As you encounter new vocabulary you should start saving the most useful words and phrases and commit to a daily habit of reviewing them using a space repetition system. Your chosen system should include spoken audio as well as the pinyin and characters. Hack Chinese provides audio for words and sentences you review and Anki has a feature where you can add an audio file to each flashcard. Initially you should set small goals: memorise your first 100 words or phrases before expanding to 500, 1000, 2000 and beyond.

4. Repetitive Comprehensible Input

As you learn your first few hundred words and characters you will be able to start enjoying simple but interesting listening content intended for learners. You’ll need to find your sweet spot in terms of difficulty level: some learners can tolerate up to 20% unknown words whilst others panic if they miss more than 5%. Whatever your preference, listening will be very challenging and you may find it hard to maintain concentration for long. The ideal content to begin with is therefore short clips (lasting no longer than five minutes) that use simple, conversational language. They should ideally include subtitles or a transcript so you can easily look up unknown words.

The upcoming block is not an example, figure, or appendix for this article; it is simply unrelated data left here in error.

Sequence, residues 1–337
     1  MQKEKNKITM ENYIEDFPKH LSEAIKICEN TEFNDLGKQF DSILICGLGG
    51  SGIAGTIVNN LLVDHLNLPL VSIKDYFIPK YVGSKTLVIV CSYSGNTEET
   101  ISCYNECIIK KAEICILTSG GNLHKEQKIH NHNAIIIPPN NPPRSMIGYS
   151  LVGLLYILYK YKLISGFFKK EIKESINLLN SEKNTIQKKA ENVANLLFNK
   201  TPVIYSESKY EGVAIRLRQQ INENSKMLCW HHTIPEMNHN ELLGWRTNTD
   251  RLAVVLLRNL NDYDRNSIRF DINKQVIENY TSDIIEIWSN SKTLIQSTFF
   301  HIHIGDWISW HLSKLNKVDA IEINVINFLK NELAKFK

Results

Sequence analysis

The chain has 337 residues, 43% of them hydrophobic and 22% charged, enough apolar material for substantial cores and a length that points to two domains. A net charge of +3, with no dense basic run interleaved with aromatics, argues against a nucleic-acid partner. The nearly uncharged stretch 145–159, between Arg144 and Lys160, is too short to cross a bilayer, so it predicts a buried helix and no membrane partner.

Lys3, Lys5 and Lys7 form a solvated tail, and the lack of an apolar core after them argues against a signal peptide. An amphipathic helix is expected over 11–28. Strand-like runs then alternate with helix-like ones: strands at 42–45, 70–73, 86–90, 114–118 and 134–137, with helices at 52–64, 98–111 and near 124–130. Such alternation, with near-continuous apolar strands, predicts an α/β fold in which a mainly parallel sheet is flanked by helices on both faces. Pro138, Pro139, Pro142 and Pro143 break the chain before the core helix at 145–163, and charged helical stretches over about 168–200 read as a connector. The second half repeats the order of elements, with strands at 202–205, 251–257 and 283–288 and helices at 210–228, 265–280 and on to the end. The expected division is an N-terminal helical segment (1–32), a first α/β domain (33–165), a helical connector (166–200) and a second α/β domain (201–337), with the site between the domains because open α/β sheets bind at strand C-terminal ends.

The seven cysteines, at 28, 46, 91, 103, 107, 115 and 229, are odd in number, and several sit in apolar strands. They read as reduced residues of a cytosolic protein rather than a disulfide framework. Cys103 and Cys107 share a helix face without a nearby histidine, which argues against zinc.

Good sources for this kind of material include LingQ’s mini stories, Du Chinese and graded readers. As you progress further you can start tackling conversational podcasts aimed at learners such as LingQ’s Mandarin Podcast and Mandarin Corner videos on Youtube. I recommend first working your way through the audio and transcripts, pausing and replaying until you’re comfortable that you have a solid understanding of each clip (active listening). Then you can create a playlist of audio files and play each clip on repeat dozens of times while completing other tasks (passive listening).

5. Immerse & Converse

Whatever content you choose to consume and whichever learning strategies you adopt, you’ll need to sustain a daily habit of active and passive listening for a long period of time. Whether you’re in China or not, creating an immersive Mandarin environment for yourself is vital. The better your listening skills get, the less effort it will require to spend time with the language. My main form of listening input now involves playing my favourite Chinese podcasts whenever I’m walking, driving to work or doing activities that don’t require full concentration.

Conversing with native speakers is also a great way to retain new vocabulary and accelerate your listening progress. If I practice using a new word in a conversation I’m much more likely to retain it as part of my active and passive vocabulary than if I rely on flashcards and listening material alone. Moreover conversations tend to be more comprehensible than listening content because they take place on topics chosen by you and native speakers will often amend their language to suit your level. All of the most efficient Chinese learners I’ve met spent a lot of time from an early stage engaging with native speakers at every opportunity.